The Economic Outlook For Asia In The Eyes Of The IMF And World Bank

With the world economy being clouded by dark undercurrents of trade tensions and turmoil in some of the financial markets, one could assume that the recently held annual meetings of the IMF and the World Bank in Bali last week was conducted in an environment of doom and gloom.

But are the Asia’s economies a source of trouble and concern?

Contagion in the Emerging Markets

In this aspect, the key risks are Turkey and Argentina, says IMF.  There are concerns that the turmoil in those economies could affect some Asian economies too – India and Indonesia in particular, the currencies of both fell to record lows recently.

But the IMF does not see any immediate spillover despite concerns of vulnerabilities in the emerging markets.

David Lipton, first deputy managing director of the IMF believes that vulnerability is more for some economies. But right now, IMF is only assessing the situation and does not want to press the panic button yet.

The fear is the if there is continued drop in the value of some of the currencies such as in India and Indonesia, there can be an outflow of funds similar to what was witnessed during the Asian Financial Crisis.

But the fundamentals of the emerging markets are much stronger than the crisis according to information from the Institute of International Finance.

China’s tackling of the trade war

The trade war has trimmed growth in both the United States and China with China potentially the greater sufferer according to data from the IMF.

IMF expects 0.2 per cent Chinese growth being shaved off next year if the current situation continuous. The fund further stated in its report that the situation could have been worse still but for the recent efforts by Chinese authorities to counter the trade war and boosting growth.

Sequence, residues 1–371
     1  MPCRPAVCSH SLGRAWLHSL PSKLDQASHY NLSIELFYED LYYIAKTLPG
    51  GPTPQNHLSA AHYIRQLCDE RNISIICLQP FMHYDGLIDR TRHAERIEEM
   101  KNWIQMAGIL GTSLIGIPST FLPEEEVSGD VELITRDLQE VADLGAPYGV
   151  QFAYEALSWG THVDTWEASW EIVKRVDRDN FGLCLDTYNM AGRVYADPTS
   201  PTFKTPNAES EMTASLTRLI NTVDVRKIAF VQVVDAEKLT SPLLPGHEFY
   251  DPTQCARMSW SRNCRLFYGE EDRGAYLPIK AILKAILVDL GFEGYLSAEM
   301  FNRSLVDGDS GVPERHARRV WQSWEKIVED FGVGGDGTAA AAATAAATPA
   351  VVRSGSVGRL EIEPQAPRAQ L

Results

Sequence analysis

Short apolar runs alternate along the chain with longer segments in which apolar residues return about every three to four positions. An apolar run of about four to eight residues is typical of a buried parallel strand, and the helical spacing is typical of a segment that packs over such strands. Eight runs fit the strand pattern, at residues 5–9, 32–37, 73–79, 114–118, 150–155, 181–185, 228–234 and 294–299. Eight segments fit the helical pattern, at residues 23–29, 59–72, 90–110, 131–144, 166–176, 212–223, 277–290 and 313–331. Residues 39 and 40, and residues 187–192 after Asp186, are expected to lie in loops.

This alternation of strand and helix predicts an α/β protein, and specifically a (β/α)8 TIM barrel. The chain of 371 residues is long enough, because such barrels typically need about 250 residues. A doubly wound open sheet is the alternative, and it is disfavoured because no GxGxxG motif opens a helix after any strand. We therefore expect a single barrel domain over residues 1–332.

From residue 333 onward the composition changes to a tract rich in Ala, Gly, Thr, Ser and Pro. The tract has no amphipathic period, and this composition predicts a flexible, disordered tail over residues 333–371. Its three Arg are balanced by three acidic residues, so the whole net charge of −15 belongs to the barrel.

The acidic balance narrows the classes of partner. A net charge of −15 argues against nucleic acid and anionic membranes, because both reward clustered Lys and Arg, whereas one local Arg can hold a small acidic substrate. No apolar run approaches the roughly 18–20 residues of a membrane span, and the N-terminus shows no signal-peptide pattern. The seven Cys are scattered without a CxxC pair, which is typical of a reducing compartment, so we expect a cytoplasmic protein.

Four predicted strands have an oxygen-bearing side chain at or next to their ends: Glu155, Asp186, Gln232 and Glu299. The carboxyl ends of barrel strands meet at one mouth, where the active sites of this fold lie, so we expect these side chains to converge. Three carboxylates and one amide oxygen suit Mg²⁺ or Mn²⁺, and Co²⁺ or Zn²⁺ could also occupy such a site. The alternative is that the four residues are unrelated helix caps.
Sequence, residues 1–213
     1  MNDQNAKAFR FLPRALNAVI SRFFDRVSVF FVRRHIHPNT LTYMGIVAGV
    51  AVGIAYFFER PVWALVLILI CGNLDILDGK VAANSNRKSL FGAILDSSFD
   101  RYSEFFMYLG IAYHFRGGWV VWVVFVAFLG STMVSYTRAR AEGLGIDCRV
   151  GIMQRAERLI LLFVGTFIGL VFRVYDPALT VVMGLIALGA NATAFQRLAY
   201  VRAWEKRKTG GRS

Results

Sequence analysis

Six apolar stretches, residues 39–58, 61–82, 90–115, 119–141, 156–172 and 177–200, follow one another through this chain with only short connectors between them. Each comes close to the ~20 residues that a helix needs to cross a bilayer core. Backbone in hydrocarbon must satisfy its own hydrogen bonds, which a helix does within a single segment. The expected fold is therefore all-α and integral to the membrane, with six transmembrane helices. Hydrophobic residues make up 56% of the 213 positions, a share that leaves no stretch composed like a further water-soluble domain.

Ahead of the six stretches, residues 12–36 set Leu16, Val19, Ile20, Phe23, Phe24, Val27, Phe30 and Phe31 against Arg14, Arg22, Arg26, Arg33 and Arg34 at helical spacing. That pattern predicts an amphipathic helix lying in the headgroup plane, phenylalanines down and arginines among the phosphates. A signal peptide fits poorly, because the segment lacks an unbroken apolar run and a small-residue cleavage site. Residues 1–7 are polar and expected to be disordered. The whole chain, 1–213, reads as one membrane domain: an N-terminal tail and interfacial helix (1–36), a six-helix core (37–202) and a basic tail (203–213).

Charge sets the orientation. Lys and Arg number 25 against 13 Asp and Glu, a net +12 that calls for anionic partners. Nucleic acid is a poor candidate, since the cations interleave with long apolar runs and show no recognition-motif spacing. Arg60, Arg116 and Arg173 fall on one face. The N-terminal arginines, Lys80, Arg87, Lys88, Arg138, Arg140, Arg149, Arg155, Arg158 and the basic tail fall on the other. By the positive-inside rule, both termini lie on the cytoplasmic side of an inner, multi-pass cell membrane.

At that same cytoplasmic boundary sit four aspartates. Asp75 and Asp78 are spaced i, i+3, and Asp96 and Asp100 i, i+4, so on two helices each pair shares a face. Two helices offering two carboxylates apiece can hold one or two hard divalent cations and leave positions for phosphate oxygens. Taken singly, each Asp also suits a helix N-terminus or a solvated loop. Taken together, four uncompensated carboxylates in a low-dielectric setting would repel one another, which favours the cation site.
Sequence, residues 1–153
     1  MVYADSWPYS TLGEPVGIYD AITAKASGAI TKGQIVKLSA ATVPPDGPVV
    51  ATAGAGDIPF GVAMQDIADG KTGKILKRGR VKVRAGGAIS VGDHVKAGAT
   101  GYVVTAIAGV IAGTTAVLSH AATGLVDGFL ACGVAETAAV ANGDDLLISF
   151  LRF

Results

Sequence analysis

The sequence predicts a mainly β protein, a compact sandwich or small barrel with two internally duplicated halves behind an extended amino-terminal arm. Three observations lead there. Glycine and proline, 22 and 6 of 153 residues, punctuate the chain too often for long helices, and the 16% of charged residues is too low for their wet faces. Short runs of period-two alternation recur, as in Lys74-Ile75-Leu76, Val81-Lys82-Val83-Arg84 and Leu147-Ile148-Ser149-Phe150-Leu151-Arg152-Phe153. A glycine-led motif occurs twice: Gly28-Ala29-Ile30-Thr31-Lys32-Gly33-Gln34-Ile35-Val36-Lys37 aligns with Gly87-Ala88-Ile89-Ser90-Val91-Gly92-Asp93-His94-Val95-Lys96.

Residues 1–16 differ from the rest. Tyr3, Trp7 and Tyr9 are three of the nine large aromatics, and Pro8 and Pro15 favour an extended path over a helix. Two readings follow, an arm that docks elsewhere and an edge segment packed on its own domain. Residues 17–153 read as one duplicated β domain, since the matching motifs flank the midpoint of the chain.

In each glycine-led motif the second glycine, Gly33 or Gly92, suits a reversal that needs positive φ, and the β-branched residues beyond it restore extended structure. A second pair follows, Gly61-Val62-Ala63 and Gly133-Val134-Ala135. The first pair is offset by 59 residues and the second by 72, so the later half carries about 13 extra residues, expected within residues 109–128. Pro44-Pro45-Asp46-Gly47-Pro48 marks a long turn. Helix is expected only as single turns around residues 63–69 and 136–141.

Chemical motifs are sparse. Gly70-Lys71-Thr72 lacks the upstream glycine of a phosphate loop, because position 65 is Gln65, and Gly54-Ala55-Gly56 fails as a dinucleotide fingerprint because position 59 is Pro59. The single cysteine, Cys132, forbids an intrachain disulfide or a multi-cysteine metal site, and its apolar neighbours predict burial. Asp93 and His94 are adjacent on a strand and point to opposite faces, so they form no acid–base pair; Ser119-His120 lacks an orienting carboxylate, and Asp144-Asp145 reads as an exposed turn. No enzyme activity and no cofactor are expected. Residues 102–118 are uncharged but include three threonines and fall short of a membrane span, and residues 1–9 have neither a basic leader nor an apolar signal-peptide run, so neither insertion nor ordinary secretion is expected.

Devaluing of its currency is one of the recourse that some analysts think China will resort to.

But in a week end statement, the IMF agreed to “refrain from competitive devaluations” and not to target exchange rates for “competitive purposes”.

Some media reports suggest that this has been agreed to in principle by China. But so far this year, the Chinese yuan has lost about 10 per cent of its value against the US dollar. Many see further devaluation in the days and months ahead.

Pakistan bailout

One of the Asian countries, Pakistan asked for a financial assistance package from the IMF. This will now be followed by a series of meetings between the two parties to identify the amount of money that Pakistan would require.

The economy of the country is not doing well at all and the emergency button has been pressed. According to some estimates, the country would need something in the range of $15bn in assistance from the IMF for the bailout. However, there would be implications for Pakistan against the loan.

There would be conditions of financial reforms from the IMF for the Pakistani economy and there are also predictions that Pakistan would also have to disclose the amount of loans that the country has taken from China against the Belt and Road programme.

(Adapted from BBC.com)

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Categories: Economy & Finance, Regulations & Legal, Strategy, Sustainability, Uncategorized

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